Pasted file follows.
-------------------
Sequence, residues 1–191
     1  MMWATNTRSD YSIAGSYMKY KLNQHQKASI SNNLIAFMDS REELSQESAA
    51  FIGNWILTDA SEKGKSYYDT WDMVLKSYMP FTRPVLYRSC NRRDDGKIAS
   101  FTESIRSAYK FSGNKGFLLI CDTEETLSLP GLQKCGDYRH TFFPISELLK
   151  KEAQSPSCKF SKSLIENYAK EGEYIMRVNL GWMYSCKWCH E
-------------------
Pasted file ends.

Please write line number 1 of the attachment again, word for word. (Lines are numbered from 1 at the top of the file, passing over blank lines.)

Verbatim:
Sequence, residues 1–191